an elongate shaft including a distal end and a proximal end, the elongate shaft being coaxially aligned with and the distal end of the elongate shaft being attached to the head component and the proximal end of the elongate shaft being configured to be removably held in a device to rotate the elongate shaft; and
a splash prevention component configured to be coaxially aligned with the elongate shaft to permit movement of the splash prevention component longitudinally along the elongate shaft and to completely cover, receive and hold the head component upon removal of the head component from a container to prevent splashing of any material from the head component onto a user of the system.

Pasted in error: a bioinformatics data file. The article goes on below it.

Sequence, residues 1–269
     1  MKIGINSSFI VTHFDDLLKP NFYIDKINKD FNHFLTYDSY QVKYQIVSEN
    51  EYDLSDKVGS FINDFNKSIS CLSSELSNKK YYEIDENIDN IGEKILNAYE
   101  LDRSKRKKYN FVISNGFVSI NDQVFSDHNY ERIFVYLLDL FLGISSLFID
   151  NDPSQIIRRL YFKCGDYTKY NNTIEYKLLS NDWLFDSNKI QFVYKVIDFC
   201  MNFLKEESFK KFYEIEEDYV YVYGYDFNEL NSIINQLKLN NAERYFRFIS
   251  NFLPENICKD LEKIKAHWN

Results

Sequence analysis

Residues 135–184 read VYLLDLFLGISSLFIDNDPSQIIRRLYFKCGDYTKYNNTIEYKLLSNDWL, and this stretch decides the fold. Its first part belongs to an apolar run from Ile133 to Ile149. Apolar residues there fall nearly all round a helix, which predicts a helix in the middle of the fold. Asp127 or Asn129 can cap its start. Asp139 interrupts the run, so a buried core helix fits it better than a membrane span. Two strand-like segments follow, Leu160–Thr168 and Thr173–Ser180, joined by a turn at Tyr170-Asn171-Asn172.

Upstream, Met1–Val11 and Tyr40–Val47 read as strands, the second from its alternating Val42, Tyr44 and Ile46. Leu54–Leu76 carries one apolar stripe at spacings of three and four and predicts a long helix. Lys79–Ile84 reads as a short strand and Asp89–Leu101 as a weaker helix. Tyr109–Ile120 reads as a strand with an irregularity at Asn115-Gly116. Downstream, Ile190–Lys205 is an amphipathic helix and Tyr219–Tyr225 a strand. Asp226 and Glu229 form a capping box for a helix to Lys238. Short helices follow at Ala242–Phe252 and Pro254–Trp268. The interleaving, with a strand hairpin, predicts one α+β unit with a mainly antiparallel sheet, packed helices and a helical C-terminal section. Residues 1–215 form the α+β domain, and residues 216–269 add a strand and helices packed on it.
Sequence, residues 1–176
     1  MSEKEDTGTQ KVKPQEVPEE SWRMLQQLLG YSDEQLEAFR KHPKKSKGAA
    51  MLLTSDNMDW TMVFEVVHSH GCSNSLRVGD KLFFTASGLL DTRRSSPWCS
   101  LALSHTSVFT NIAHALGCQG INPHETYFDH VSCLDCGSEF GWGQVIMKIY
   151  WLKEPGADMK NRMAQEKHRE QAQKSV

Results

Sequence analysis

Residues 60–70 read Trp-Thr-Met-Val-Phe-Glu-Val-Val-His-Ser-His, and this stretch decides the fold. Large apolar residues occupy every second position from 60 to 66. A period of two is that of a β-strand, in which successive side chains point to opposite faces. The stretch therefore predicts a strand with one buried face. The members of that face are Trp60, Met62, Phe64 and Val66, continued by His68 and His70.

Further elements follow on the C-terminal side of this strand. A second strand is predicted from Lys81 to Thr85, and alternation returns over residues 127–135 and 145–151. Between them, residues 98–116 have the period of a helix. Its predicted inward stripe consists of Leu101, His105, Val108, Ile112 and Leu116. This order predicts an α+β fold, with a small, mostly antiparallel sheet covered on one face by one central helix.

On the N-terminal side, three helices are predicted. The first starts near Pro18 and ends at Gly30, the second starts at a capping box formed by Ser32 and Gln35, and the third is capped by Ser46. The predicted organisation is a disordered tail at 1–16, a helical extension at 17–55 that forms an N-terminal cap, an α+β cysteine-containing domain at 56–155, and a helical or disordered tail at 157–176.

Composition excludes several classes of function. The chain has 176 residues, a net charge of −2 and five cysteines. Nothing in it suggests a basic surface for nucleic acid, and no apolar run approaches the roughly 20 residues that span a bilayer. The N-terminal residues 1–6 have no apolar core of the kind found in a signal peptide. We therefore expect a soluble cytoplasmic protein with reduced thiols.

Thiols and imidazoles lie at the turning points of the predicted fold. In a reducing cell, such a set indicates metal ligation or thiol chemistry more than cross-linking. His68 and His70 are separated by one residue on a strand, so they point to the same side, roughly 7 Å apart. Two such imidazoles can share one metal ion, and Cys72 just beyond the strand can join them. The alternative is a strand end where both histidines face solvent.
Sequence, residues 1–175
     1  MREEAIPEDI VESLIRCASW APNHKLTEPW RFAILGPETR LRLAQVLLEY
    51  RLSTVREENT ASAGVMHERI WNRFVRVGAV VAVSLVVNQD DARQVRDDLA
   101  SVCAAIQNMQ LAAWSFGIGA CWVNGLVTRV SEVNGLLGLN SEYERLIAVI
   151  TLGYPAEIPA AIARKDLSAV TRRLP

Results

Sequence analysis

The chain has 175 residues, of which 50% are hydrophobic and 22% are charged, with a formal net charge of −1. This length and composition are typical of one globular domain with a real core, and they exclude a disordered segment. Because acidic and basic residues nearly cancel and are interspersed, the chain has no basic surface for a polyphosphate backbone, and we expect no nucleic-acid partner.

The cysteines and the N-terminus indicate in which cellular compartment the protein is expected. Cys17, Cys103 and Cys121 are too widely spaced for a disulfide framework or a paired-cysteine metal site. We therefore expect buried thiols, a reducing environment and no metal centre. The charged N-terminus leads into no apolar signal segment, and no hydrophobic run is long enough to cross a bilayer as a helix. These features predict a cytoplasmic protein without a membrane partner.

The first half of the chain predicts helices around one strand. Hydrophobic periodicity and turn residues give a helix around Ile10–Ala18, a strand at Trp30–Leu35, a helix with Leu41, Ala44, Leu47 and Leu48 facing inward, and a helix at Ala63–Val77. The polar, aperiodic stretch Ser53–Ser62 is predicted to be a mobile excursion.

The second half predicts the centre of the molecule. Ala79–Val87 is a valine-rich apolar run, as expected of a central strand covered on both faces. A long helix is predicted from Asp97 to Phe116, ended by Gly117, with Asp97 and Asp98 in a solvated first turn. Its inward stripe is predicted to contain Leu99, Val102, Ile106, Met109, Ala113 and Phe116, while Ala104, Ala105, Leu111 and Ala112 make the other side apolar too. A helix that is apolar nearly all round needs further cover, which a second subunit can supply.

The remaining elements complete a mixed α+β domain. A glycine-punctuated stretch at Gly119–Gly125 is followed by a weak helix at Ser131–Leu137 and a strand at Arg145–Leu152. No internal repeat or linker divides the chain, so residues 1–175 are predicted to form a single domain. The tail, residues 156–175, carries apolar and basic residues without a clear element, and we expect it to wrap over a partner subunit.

18. The stirrer tool system of claim 17 wherein the splash prevention component comprises a substantially frustoconical body including a distal end defining an opening with a diameter sufficient to cover the opening in the container and to accept the head component upon its withdrawal from the opening in the container.

19. The stirrer tool system of claim 18 wherein the diameter of the opening in the distal end of the splash prevention component is less than the diameter of the diameter of the head component defined by outer ends of the first plurality of projections.

20. The stirrer tool system of claim 18 wherein the splash prevention component is a plastic cup or container having a substantially frustoconical side wall that defines an opening at one end and an closed end opposite of the opening.

21. A stirrer tool system comprising: